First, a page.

Forget about fitting into anything but elastic.

Unless, of course, you’re one of those adults who can take one trim nibble, lay down the breadstick and casually carry on a conversation for 20 minutes without the Medial Forebrain Bundle (that’s the pleasure seeking part of the brain for those who don’t watch Grey’s Anatomy) going into full on panic mode. I’ve always envied people with such restraint. Those are the real grown-ups.

I’m 36 years old and still waiting.

My husband and daughter? They don’t stand a chance.

Australian Vegemite Breadsticks Recipe

Australian Vegemite Breadsticks Recipe


Uluru by Corey Leopold.

Uluru by Corey Leopold.

What is an Aussie breadstick?

Aussie breadsticks are the worst kind of best. These strips of twisted puff pastry will challenge your adulthood in less than 20 minutes in the oven – hardly enough time to make a realistic plan of resistance.  They’re crispy, buttery, and cheesy – but they wouldn’t be from down under if they didn’t have signature Aussie flair – a generous smear of Vegemite. The black, yeasty spread adds malty, salty smack as well as deep umami to the outer crust.

I added a bit of chopped rosemary to green up the flavor, but thyme would do nicely as well.

Australian Vegemite Breadsticks Recipe

"Vegemite and Marmite" by AZAdam / AdamOriginal uploader was Scharks at en.wikipedia.Later version(s) were uploaded by Vanderdecken at en.wikipedia. - from en.wikipedia. Licensed under CC BY-SA 2.0 via Wikimedia Commons -

“Vegemite and Marmite” by AZAdam.

Australian Vegemite Breadsticks Recipe

Australian Vegemite Breadsticks Recipe

Australian Vegemite Breadsticks Recipe

So, how good are Aussie breadsticks?

I ate three and skipped dinner.

Take that adulthood.

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These strips of twisted puff pastry will challenge your adulthood in less than 20 minutes in the oven - hardly enough time to make a realistic plan of resistance. They're crispy, buttery, and cheesy - but they wouldn't be from down under if they didn't have signature Aussie flair - a generous smear of Vegemite. The black, yeasty spread adds malty, salty smack as well as deep umami to the outside. I added a bit of chopped rosemary to green up the flavor, but thyme would do nicely as well. Aussie Twisted Vegemite Breadsticks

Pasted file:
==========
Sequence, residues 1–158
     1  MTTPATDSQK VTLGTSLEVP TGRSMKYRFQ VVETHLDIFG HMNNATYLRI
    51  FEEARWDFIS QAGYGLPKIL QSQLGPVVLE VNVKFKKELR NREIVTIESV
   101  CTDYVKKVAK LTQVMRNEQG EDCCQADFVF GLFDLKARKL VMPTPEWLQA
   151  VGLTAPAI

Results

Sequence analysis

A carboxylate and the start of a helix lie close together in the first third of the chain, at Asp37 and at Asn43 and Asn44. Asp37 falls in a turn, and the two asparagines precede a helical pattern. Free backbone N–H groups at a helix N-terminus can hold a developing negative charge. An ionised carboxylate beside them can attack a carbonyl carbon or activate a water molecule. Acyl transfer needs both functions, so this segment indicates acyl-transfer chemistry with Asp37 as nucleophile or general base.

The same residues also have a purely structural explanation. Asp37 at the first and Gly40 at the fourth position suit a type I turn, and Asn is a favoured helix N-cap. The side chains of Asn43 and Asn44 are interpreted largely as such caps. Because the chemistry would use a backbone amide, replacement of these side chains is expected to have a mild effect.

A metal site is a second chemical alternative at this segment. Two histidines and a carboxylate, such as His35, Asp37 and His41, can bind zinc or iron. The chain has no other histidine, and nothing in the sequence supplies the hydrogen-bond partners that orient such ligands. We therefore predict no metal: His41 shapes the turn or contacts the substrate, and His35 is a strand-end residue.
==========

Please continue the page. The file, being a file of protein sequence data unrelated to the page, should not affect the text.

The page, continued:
Servings Prep Time
10breadsticks 10minutes
Cook Time
Servings Prep Time
10breadsticks 10minutes
Cook Time
  1. Preheat the oven to 400F.
  2. Brush thawed puff pastry with vegetable oil. Mash together the butter, yeast extract, and rosemary. Spread on thawed puff pastry. Sprinkle liberally with Parmesan cheese. Cut in 10 strips (I used a ravioli wheel but a knife works well, too). Twist on a lined baking pan.
  3. Bake at 400 F for 15-20 minutes or until golden brown and crisp. Let cool. Serve in jars or a cloth-lined bread basket.

Recipe Copyright Sasha Martin, Global Table Adventure. For personal or educational use only.

How to organize your book collection

"BIBLIOTECA PALAFOXIANA" by José P. Torrealba - Ayuntamiento - Oficina de Turismo. Licensed under CC BY 3.0 via Wikimedia Commons -

“Biblioteca Palafoxiana” by José P. Torrealba.

Whether you have a crazy cookbook collection or an overflowing child’s bookcase, a few simple tricks can help you get organized. I know because last month I organized my daughter’s bookshelves. She has 300+ books from all over the world spread over 2 bookcases. There are floppy soft covers and tiny collectibles. There are boxed sets who’ve long since lost their boxes. After 6 years of use the bookshelves were so disorganized they were barely functional. Heavy books shoved smaller editions to the back of the shelf where they’d be lost for weeks at a time. Random art projects were strewn in with the toppled volumes, making finding a favorite book near impossible.

Organizing the bookshelves was my daughter’s idea.

Even though I was annoyed with the state of the bookshelves, I had mostly accepted the weekly grind of reshuffling things. And even though I’m becoming more and more of a minimalist, I draw the line at downsizing my daughter’s book collection – books build creativity and knowledge. We’ll always have well-stocked bookshelves.